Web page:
…a community manager may occasionally resist a rate increase for a long-time resident or one who has become valued over the years. Business is business, however.
“When they start to say, ‘Oh, Mrs. Johnson has been here six years,’ we try to get them away from the emotional aspect of pricing,” he said. “We say if we really wanted to lift our rents and maximize our revenue, we have to make some tough decisions, and some people who can’t afford it may have to move out.” [Emphasis Mine]
As owners, operators and property managers who doesn’t love getting top dollar rents?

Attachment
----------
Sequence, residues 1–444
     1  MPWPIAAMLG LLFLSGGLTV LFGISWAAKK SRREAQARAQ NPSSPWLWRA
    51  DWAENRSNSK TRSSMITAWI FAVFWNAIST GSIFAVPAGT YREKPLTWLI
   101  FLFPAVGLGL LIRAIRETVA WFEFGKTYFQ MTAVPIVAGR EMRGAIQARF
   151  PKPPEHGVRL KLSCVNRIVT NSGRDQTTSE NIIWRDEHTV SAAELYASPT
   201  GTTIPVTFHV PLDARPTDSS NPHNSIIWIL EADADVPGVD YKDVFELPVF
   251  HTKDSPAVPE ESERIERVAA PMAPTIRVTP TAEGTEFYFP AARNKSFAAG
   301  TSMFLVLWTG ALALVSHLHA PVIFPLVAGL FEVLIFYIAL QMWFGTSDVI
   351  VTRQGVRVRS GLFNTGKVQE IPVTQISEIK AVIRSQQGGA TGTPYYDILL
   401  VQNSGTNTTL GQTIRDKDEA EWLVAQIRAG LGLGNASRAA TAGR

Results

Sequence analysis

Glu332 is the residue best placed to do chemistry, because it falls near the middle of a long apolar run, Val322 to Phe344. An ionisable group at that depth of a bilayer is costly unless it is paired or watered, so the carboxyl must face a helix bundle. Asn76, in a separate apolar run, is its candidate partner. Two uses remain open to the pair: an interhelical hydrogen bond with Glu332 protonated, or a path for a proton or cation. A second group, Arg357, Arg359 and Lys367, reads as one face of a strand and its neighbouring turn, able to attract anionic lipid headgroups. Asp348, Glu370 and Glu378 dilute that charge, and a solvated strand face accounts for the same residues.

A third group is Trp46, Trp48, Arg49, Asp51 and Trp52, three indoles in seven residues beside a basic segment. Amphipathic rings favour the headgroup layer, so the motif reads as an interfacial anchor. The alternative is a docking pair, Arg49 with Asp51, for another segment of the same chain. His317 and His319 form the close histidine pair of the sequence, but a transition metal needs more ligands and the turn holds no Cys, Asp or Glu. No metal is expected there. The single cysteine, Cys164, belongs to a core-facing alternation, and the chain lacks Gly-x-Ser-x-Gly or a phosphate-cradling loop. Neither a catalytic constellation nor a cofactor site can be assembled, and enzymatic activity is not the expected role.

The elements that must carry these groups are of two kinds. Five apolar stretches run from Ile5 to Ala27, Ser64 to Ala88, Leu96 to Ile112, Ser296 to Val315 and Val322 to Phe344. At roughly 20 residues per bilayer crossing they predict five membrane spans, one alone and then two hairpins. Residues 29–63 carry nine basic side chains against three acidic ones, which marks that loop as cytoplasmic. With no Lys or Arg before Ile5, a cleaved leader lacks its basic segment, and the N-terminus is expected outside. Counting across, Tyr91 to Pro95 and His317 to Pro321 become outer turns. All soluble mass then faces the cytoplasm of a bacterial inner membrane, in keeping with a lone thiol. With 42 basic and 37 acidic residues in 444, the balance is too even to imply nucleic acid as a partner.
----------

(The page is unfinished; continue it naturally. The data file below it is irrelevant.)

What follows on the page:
Axiometrics was out with their National Monthly Apartment Trends report which includes a couple of cool charts, one is a map of their top 88 markets coded by rent growth (below). The one that caught my eye though was showing Occupancy, Effective Rents and Revenues:
Just got an email from Jay Denton, Research VP at AXIOMetrics saying the national apartment building occupancy is 94.3%, a level not seen since 2006. Class A occupancy is at 95.5%, class B is 94.8% and class C is 92%. Also many submarkets around the country will see the first new supply of units this summer. Even so properties in Lease Up are doing well, averaging more than 20 move-ins a month. Further strength in the market is reflected by the fact that concessions are down to only 2-3 weeks in many markets.